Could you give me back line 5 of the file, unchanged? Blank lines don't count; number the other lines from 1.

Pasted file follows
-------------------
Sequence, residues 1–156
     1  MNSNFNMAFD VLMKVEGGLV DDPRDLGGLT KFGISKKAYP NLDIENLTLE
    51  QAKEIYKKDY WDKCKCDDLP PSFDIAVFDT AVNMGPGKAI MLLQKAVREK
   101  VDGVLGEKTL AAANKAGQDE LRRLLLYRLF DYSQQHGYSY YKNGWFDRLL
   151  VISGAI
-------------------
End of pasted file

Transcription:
   151  VISGAI